2) What typical materials are encountered, and do they create any problems? Aerospace materials vary from aluminum, alloy steels, 300 series and PH stainless, titanium, Inconel, or Hastelloy. This wide variety of materials requires various edge preps – sharp, honed, T-land, or polished. Carrying inventory of all these types in solid carbide drills can be expensive. Indexable head drills become more economical, allowing shops to cut various materials from one drill body that accepts several types of carbide heads.
3) What setup aspects are critical to drilling quality holes? Drilling precise holes requires precise tool holders. Total indicator runout (TIR) is critical to produce quality holes. Manufacturers now offer runout compensation tooling, such as the ISCAR FineFit collet chuck that allows a tool to be dialed in to a TIR of 0.0008" or less. This is even more critical in reaming operations with carbide heads running at high speeds, such as ISCAR’s Bayo-T-Ream.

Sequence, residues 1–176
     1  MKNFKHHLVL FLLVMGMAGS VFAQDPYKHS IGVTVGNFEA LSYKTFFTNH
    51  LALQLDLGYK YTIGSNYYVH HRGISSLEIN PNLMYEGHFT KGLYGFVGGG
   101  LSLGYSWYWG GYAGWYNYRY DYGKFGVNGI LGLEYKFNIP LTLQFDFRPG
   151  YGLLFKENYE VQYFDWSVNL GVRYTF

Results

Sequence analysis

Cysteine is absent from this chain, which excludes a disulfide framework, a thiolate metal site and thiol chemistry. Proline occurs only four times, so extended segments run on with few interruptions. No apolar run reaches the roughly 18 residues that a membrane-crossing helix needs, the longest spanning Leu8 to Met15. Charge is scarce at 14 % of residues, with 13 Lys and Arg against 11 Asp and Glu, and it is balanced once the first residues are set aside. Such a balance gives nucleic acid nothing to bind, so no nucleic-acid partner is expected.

4) Continuous cutting is common, but how do you handle interrupted cuts such as cross holes? Double margin geometry heads (ICP-2M, QCP-2M) provide additional stability in interrupted cuts such as cross holes or angular entry and/or exit. It is important to reduce feed rates 30% to 50% through the interruptions. ISCAR introduced a new product, LogIQ3Cham with three flutes. This configuration provides additional improved stability for discontinuous cutting.
5) What processes are used for finishing? Reaming or boring is used to control diameter, roundness cylindricity, and straightness. Often, these secondary operations can be eliminated since IT8-IT9 hole tolerance is possible with SumoCham. Also, double-margin and wiper geometries can help improve finish, straightness, and roundness. Another finish operation is threading. With 0.1mm steps, a pre-hole can be expanded up or down in small increments to change the percentage of thread form for tapping or thread milling.